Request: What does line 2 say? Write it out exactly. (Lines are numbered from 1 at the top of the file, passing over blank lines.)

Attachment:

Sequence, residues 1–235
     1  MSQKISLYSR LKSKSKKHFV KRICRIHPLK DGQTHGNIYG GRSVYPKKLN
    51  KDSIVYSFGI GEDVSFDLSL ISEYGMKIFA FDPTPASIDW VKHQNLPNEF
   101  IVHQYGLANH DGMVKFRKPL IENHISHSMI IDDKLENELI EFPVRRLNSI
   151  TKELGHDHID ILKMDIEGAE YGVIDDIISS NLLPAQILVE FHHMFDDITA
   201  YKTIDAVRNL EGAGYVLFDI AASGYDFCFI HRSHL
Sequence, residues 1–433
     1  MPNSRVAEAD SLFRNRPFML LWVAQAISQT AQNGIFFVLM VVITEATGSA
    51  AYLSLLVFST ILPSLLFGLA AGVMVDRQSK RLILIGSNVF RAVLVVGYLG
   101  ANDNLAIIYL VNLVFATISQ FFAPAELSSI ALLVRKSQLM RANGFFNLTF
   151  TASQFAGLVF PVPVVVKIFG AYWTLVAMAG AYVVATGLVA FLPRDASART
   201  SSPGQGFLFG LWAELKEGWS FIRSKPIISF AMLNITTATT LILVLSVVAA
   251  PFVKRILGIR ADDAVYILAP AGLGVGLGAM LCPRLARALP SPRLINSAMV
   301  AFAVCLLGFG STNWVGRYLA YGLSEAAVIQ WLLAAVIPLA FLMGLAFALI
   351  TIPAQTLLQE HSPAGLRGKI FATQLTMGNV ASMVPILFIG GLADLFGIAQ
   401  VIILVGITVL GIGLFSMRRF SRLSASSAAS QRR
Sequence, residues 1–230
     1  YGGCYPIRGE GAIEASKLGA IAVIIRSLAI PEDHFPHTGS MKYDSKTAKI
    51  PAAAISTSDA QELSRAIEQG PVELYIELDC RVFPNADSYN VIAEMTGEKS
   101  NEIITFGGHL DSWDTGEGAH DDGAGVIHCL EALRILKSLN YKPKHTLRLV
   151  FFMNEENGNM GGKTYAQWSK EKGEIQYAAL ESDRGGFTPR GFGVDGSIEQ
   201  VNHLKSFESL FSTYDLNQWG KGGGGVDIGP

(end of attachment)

     1  MSQKISLYSR LKSKSKKHFV KRICRIHPLK DGQTHGNIYG GRSVYPKKLN